Threat hunting: What is it?
Threat hunting is the practice of identifying cyber threats that go unnoticed inside a network or data, including endpoints. The procedure entails delving deeply into the environment in order to identify harmful actors.
Threat hunting is crucial for avoiding such attacks. Attackers or hackers may remain undetected within a network for months, secretly collecting data login passwords and eavesdropping on your private information.
The following actions must be taken to conduct an effective threat search:
1. The Trigger: When advanced detection systems discover unusual behavior that may indicate malicious activity, a trigger alerts threat hunters to a specific computer or network region for further investigation. Frequently, a thought about a new threat serves as the impetus for proactive hunting. For example, a security team might look into future threats that can get around current defenses by using fileless malware technology.
2. Investigation: During the investigation phase, the threat hunter makes extensive use of technologies such as EDR (Endpoint Detection and Response) to assess a system’s vulnerability to hostile intrusion. The investigation will go on until it is clear that the activity is not harmful or that all of the information about the bad behavior is known.
3. Resolution: Operations and security teams employ malicious activity information during the resolution phase to react to incidents and minimize risks. Data from both good and malicious behavior can be used to make automation systems more effective without needing more human help.
Cyber threat hunters use this procedure to gather information about attackers’ tactics, and objectives. Also, they use the information they get to learn about an organization’s security environment, predict future security improvements, and fix existing vulnerabilities.
The importance of threat hunting
Investigate security incidents in a proactive manner
In the end, the goal of threat hunting is to identify cybercriminals who have already gained access to the organization’s systems and networks. It may assist in proactively detecting attackers who have already infiltrated the network’s defenses and established a hostile presence. The present cybercriminals are being hunted down with the use of hunting.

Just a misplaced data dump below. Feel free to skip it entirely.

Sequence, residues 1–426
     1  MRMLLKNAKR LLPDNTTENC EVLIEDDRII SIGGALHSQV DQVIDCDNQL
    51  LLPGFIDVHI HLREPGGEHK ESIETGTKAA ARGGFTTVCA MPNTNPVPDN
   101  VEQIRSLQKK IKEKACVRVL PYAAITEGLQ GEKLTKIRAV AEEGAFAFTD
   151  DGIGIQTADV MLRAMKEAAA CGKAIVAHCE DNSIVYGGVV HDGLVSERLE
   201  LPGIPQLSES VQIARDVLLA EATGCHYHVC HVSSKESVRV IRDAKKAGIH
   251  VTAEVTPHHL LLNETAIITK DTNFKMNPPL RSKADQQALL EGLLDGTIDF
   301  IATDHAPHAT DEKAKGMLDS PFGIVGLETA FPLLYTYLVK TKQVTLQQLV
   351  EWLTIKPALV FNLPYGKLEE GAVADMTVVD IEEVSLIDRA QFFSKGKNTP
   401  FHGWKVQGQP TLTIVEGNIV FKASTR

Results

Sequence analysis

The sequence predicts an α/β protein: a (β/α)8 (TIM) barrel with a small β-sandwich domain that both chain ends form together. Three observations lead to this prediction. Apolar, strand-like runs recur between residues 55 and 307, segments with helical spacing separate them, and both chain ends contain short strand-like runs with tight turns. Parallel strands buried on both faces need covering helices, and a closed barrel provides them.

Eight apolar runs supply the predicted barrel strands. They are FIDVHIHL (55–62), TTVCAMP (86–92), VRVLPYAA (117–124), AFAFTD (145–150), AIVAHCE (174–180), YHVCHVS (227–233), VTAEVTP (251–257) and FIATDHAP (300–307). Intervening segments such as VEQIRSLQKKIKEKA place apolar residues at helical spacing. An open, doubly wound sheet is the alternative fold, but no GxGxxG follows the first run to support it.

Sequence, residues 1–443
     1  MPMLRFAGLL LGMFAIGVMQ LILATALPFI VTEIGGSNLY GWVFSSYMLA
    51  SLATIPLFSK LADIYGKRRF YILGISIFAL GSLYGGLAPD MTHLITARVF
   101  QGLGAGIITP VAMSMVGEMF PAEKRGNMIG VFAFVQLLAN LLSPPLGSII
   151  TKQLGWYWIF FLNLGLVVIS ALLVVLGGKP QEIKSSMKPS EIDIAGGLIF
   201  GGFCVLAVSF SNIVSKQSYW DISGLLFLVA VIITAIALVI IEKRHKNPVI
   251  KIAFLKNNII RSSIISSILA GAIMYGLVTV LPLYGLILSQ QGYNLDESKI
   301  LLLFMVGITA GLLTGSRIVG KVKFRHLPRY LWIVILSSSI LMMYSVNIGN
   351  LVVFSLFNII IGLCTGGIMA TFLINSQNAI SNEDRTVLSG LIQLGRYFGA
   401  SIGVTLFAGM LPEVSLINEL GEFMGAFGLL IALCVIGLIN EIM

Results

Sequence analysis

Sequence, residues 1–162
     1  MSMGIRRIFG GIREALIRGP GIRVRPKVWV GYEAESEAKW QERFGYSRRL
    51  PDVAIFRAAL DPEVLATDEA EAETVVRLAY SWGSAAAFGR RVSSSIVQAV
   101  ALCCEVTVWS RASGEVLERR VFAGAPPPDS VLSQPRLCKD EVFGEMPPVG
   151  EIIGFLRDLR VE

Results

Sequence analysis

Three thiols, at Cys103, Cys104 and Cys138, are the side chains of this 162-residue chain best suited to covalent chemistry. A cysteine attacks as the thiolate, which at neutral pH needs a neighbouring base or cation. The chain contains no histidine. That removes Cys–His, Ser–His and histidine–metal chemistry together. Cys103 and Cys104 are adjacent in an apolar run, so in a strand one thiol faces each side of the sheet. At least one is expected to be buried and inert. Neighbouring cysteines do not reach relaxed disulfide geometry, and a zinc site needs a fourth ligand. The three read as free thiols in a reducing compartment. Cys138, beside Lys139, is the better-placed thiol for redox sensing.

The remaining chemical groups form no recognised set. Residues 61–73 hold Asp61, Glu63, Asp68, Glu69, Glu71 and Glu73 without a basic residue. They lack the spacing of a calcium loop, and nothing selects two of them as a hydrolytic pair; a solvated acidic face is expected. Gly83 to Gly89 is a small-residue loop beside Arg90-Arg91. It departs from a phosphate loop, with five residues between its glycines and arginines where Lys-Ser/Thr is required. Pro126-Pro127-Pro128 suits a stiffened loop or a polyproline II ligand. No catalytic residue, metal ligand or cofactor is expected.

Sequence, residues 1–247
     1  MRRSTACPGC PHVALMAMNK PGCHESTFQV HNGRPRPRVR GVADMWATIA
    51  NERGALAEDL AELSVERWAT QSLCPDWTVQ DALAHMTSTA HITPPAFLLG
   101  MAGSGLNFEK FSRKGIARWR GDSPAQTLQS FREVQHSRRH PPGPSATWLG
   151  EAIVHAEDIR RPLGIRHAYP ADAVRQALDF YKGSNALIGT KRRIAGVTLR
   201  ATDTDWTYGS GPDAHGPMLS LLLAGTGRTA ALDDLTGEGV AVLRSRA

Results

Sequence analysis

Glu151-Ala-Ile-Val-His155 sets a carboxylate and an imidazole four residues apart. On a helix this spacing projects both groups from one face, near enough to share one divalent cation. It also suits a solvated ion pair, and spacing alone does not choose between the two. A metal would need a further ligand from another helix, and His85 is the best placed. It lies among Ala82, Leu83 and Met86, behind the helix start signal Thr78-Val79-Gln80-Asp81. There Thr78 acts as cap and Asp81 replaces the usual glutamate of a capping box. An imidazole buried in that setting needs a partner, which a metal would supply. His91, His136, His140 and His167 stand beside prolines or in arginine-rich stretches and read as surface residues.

Speeds up the investigation
Threat hunting gives a security team more information about an incident, from figuring out how big it is to finding out what caused it and predicting how bad it will be. An active approach, such as analyzing computer network traffic to look for malicious content to investigate possible compromises and improve cyber defenses, can help gather important data that can be used to look into after-the-fact incidents. This will help you figure out what you’ve learned and fix any problems.
Improves the efficiency of SOCs
Threat hunting has the advantage of being human-centered, proactive, iterative, and analytical. The analysts’ resourcefulness and skill to scrutinize and assess data, together with the tools and frequent monitoring, and behavior-pattern searching, results in fewer false positives and wasted time.
Threat intelligence, also called cyber threat intelligence, is information an organization uses to understand the risks that have targeted, will target, or are currently attacking them. This data is used to train for, stop, and detect cyberattacks that try to take advantage of valuable resources.
In a world where a certain number of cyber threats might cause a company to collapse, threat intelligence can be used to assist businesses in many ways. It can gather useful information about these threats, establish effective defensive systems, and manage the risks that might harm its operations and reputation. Cyber threat intelligence gives you the power to fight back more quickly against specific threats and attacks.
Threat intelligence is evidence-based information about an actual or developing threat or hazard to assets, including context, processes, indications, consequences, and actionable recommendations. This information may be utilized to judge how the subject should respond to the threat or risk.
The importance of threat intelligence
Reducing data loss: Because threat intelligence aids in prohibiting known malicious domains and IP addresses belonging to global threat actors, the blockage stops known threat actors from infiltrating your environment using the same malicious IP addresses and domains. As a result, such attackers will be unable to implant information-stealing malware or ransomware into your environment, boosting the security of your data.
Keeping up with evolving modes of attack: Threat intelligence also provides information on the most recent attack methods. Phishing emails, for example, are used to launch the majority of cyberattacks these days. This information may be used to prevent intruders from gaining access. In the case of phishing, businesses might set up awareness programs for their employees so that phishing doesn’t lead to a cyber attack.
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